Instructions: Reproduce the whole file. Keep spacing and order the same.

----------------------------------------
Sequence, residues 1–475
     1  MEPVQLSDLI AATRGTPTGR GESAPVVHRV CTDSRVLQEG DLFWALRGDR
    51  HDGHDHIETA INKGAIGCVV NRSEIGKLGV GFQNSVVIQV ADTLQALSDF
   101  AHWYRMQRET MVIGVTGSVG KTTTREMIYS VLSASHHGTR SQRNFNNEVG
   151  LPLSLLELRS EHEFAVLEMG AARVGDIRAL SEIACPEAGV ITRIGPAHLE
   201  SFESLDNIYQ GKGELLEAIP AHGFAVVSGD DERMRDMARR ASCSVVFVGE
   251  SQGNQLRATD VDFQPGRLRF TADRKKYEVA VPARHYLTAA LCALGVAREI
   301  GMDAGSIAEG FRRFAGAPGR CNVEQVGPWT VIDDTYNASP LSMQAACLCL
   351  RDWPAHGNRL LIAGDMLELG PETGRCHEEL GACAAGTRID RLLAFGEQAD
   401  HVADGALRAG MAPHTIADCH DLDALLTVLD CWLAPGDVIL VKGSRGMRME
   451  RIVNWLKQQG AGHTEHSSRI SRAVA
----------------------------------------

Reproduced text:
Sequence, residues 1–475
     1  MEPVQLSDLI AATRGTPTGR GESAPVVHRV CTDSRVLQEG DLFWALRGDR
    51  HDGHDHIETA INKGAIGCVV NRSEIGKLGV GFQNSVVIQV ADTLQALSDF
   101  AHWYRMQRET MVIGVTGSVG KTTTREMIYS VLSASHHGTR SQRNFNNEVG
   151  LPLSLLELRS EHEFAVLEMG AARVGDIRAL SEIACPEAGV ITRIGPAHLE
   201  SFESLDNIYQ GKGELLEAIP AHGFAVVSGD DERMRDMARR ASCSVVFVGE
   251  SQGNQLRATD VDFQPGRLRF TADRKKYEVA VPARHYLTAA LCALGVAREI
   301  GMDAGSIAEG FRRFAGAPGR CNVEQVGPWT VIDDTYNASP LSMQAACLCL
   351  RDWPAHGNRL LIAGDMLELG PETGRCHEEL GACAAGTRID RLLAFGEQAD
   401  HVADGALRAG MAPHTIADCH DLDALLTVLD CWLAPGDVIL VKGSRGMRME
   451  RIVNWLKQQG AGHTEHSSRI SRAVA